Fedora 42 Change Proposal Wants To Make KDE Plasma The Default Over GNOME

Written by Michael Larabel in Fedora on 2 April 2024 at 06:19 AM EDT. 98 Comments
A change proposal filed for fedora 42 seeks to make KDE Plasma the default desktop of Fedora Workstation while GNOME would move to its own separate spin/edition. The proposal has yet to be voted on by the Fedora Engineering and Steering Committee (FESCo) but given Red Hat's deep roots with GNOME, I have a hard time seeing this pass at least in the near-term.

Joshua Strobl known for his work on the Budgie desktop and Solus Linux along with Fedora developers Alessandro Astone, Marc Deop i Argemí,Steve Cossette, and Red Hat's Troy Dawson have submitted this change proposal on making Fedora Plasma Workstation the default for next year's Fedora 42 release.
"Switch the default desktop experience for Workstation to KDE Plasma. The GNOME desktop is moved to a separate spin / edition, retaining release-blocking status.
With the release of Plasma 6, KDE Plasma has developed into a high quality, well-regarded desktop experience."

The change proposal goes on to argue about KDE Plasma 6 providing an improved end-user experience, good standardization support, good Wayland support, and broad industry and community support.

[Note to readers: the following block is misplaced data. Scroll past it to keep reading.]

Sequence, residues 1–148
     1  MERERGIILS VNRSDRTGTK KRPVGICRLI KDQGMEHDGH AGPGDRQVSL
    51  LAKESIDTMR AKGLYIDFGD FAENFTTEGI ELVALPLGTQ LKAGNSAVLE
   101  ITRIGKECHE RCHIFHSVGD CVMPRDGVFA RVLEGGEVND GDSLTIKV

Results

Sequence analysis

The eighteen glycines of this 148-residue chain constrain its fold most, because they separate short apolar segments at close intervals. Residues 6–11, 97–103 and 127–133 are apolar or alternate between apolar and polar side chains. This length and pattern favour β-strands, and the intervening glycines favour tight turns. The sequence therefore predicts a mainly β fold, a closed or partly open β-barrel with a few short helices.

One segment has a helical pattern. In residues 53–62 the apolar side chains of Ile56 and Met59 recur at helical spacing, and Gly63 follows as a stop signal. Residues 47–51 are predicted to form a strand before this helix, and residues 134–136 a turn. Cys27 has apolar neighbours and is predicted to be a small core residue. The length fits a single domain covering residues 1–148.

Fedora Workstation

This proposal to make Fedora Plasma Workstation the default for new Fedora Workstation installations is rather ambitious given Fedora's long history with GNOME. Red Hat continues employing many upstream GNOME developers and is often driving many of the new features going into the desktop. It'd frankly be very surprising if FESCo votes in favor of this proposal and everything comes to pass for making KDE Plasma 6 effectively the default desktop of Fedora Workstation. In any event we'll see where this goes and those wanting to run KDE Plasma 6.0 can easily do so as an alternative spin/option with the upcoming Fedora 40 release.
Related News
About The Author
Michael Larabel

Michael Larabel is the principal author of Phoronix.com and founded the site in 2004 with a focus on enriching the Linux hardware experience. Michael has written more than 20,000 articles covering the state of Linux hardware support, Linux performance, graphics drivers, and other topics. Michael is also the lead developer of the Phoronix Test Suite, Phoromatic, and OpenBenchmarking.org automated benchmarking software. He can be followed via Twitter, LinkedIn, or contacted via MichaelLarabel.com.

Popular News This Week